Last week was a rough week.
I can be a pretty open book when it comes to my personal and professional life (though I’m not going to delve into the details here). As I shared what I went through, the kindness and encouragement from family, friends, and colleagues helped tremendously.
I proactively sought support from those closest to me. But every other connection spun out from an unrelated call or conversation. Many of you reached out for some other reason, and I felt compelled to share what I was going through before we dove into discussing the intended topic. After all, I wanted to give some context as to what was shaping my current perspective. And the outcome of sharing was helpful: by being honest, I felt supported and “safe” to do work without judgment.
Though what I’ve come to realize is that while I’m open, not everyone is. It’s natural to feel embarrassed and many don’t feel free to bring their personal lives into the workplace because we don’t want to burden others or feel like it’s not “productive.”
However, this is far from the case. In my experience, sharing my story with colleagues brought a deeper connection. I was open about what was going on and we were able to move forward within that context.
This got me thinking about an instance where the board of directors of one of our portfolio companies was disappointed that the CEO was not prioritizing the right things. What they didn’t realize, and what I found out, was that the CEO was overwhelmed… going through a break up and family illness at the same time. Had there been a “check in”, we could have had productive discussions on how to support the CEO.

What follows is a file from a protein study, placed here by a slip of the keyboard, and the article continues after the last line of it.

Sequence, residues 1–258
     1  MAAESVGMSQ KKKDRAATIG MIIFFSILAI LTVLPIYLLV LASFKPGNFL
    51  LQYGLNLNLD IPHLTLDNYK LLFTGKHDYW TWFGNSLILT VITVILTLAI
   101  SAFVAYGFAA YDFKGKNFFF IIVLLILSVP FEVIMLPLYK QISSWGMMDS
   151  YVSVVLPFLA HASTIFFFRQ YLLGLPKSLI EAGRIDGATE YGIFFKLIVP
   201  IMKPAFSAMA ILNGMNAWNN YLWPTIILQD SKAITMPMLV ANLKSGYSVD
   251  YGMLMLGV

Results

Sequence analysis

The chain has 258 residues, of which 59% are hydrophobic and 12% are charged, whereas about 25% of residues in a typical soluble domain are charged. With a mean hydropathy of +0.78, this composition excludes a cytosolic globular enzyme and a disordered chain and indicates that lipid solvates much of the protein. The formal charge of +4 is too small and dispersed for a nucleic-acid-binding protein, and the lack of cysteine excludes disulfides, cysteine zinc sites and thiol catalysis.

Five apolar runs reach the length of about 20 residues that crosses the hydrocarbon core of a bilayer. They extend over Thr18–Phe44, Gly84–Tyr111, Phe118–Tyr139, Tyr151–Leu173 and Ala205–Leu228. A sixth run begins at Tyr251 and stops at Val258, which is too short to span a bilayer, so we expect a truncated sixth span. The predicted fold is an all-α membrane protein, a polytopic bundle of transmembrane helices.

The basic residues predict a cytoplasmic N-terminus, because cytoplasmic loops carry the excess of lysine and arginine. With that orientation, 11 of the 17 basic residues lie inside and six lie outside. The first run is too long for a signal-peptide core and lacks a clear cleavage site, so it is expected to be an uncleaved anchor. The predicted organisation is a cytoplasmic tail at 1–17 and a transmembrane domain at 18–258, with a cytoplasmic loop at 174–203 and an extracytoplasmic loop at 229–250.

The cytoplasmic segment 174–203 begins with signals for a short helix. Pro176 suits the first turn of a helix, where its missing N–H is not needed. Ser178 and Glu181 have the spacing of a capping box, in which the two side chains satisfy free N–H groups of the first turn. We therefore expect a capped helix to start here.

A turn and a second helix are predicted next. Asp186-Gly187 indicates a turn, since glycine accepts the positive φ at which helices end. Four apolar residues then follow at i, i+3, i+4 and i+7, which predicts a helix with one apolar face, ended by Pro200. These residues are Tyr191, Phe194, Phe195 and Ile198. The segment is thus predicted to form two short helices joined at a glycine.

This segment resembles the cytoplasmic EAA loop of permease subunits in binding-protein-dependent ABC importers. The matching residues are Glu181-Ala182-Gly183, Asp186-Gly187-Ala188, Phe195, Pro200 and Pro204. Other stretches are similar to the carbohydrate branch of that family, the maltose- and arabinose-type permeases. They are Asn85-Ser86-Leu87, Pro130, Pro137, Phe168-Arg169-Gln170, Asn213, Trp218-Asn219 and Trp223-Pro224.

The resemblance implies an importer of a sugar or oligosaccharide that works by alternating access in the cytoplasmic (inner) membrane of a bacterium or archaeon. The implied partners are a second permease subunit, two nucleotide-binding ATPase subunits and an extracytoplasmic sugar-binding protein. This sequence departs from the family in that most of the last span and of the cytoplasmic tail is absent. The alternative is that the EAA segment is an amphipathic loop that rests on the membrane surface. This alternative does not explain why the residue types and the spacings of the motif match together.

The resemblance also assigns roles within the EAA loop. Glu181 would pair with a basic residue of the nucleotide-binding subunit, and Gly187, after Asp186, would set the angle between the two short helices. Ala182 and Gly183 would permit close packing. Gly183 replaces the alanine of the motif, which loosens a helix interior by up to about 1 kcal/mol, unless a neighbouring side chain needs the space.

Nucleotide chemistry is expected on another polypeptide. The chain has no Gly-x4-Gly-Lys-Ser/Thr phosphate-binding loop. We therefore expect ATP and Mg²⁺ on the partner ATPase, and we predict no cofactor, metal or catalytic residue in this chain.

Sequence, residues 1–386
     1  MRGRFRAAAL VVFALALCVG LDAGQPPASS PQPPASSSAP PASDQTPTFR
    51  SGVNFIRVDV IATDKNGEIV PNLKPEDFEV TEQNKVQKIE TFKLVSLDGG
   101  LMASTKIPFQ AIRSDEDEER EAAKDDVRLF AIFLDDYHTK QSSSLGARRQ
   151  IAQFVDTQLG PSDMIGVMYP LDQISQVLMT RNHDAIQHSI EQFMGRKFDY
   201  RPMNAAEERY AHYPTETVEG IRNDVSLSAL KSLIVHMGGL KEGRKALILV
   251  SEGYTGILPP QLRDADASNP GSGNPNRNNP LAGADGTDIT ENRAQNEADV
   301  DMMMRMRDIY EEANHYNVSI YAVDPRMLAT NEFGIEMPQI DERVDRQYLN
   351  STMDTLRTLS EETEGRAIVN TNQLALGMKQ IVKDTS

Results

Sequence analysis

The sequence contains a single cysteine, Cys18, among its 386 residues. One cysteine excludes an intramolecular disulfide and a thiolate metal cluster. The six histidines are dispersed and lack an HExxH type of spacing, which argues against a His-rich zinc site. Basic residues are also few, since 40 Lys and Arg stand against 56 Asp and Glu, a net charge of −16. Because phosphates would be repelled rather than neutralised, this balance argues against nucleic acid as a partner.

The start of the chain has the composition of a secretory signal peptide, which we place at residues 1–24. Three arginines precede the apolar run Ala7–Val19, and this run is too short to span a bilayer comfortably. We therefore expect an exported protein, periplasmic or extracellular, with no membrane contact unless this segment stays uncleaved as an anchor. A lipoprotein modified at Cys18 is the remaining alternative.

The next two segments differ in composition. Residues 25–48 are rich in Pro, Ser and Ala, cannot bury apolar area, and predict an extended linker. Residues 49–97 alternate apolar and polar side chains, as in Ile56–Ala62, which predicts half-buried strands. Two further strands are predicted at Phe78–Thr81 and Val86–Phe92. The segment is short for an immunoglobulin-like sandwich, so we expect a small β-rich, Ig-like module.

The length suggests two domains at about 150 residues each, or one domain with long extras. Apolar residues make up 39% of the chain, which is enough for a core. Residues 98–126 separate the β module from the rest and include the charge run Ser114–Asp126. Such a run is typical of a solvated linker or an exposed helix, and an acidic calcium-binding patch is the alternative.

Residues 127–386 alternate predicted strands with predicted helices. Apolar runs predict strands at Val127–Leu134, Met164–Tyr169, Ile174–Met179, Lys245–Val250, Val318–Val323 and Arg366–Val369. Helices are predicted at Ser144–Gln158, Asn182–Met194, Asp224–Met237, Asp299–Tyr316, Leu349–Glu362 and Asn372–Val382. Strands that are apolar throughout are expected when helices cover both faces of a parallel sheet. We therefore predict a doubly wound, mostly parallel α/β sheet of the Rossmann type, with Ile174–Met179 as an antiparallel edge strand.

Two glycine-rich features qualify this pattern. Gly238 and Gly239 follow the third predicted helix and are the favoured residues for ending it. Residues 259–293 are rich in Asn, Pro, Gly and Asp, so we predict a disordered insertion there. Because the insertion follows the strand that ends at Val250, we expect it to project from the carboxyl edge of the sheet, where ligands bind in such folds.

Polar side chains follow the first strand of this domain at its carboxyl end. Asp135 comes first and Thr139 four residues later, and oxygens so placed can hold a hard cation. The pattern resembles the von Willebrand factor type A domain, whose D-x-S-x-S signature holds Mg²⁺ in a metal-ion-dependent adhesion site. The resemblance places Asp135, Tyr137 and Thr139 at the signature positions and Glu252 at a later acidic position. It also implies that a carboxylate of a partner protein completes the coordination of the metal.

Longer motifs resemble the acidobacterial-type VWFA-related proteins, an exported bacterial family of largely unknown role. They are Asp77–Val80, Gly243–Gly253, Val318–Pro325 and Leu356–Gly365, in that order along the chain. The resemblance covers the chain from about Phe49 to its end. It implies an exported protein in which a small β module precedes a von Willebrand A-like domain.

Over the past few years, I try to start every conversation with a personal check-in before discussing business. The organizations that we are building and are a part of, are only as strong as the people who are in it.
Perhaps this is a no-brainer given that our business is so relationship driven, but it might serve as a great reminder to all of us. In fact, as Boris wrote earlier this year while inspired by Bill Campbell, great leaders show empathy. So, really ask yourself: when’s the last time that you asked your investor, your portfolio company, your colleague, your partner, your manager, your employees how are they actually doing?
It’s not prying… it’s human touch which can really lift spirits and make someone’s day better (more than you’ll ever know), and inspire productivity. The more we share (regardless of power dynamic: investor-founder, manager-employee, etc.), the more context and perspective we have around the business and better understand why things are moving in a certain direction. And if this exercise seems awkward, you can try personal check-ins with a concept like “Red, Yellow, Green” as indicators of mood (i.e. red = hypersensitive; yellow = a bit on edge; green = calm).
So think about checking in with others, and being open to share your own experiences. And thanks to everyone who put work on hold for a few minutes last week – I really appreciate it.